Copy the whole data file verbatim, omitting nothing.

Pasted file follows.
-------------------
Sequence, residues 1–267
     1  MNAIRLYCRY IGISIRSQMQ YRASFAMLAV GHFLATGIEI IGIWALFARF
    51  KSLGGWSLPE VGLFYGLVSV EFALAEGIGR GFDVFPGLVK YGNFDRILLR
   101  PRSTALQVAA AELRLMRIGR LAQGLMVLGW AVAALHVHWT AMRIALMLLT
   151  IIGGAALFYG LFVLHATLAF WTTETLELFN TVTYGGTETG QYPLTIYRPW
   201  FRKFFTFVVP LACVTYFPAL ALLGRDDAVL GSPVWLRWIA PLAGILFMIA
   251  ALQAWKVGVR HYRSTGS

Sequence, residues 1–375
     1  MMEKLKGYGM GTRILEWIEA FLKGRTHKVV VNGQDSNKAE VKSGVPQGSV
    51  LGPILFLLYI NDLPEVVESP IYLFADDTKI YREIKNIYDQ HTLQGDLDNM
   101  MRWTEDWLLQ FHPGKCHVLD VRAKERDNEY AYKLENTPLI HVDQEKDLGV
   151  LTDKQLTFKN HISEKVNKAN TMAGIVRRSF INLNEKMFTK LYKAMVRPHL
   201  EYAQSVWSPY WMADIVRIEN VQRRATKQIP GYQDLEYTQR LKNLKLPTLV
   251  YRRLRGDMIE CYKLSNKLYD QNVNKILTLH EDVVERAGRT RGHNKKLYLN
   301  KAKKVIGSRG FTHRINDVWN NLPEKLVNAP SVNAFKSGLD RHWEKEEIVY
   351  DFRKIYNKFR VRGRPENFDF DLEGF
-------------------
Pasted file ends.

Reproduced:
Sequence, residues 1–267
     1  MNAIRLYCRY IGISIRSQMQ YRASFAMLAV GHFLATGIEI IGIWALFARF
    51  KSLGGWSLPE VGLFYGLVSV EFALAEGIGR GFDVFPGLVK YGNFDRILLR
   101  PRSTALQVAA AELRLMRIGR LAQGLMVLGW AVAALHVHWT AMRIALMLLT
   151  IIGGAALFYG LFVLHATLAF WTTETLELFN TVTYGGTETG QYPLTIYRPW
   201  FRKFFTFVVP LACVTYFPAL ALLGRDDAVL GSPVWLRWIA PLAGILFMIA
   251  ALQAWKVGVR HYRSTGS

Sequence, residues 1–375
     1  MMEKLKGYGM GTRILEWIEA FLKGRTHKVV VNGQDSNKAE VKSGVPQGSV
    51  LGPILFLLYI NDLPEVVESP IYLFADDTKI YREIKNIYDQ HTLQGDLDNM
   101  MRWTEDWLLQ FHPGKCHVLD VRAKERDNEY AYKLENTPLI HVDQEKDLGV
   151  LTDKQLTFKN HISEKVNKAN TMAGIVRRSF INLNEKMFTK LYKAMVRPHL
   201  EYAQSVWSPY WMADIVRIEN VQRRATKQIP GYQDLEYTQR LKNLKLPTLV
   251  YRRLRGDMIE CYKLSNKLYD QNVNKILTLH EDVVERAGRT RGHNKKLYLN
   301  KAKKVIGSRG FTHRINDVWN NLPEKLVNAP SVNAFKSGLD RHWEKEEIVY
   351  DFRKIYNKFR VRGRPENFDF DLEGF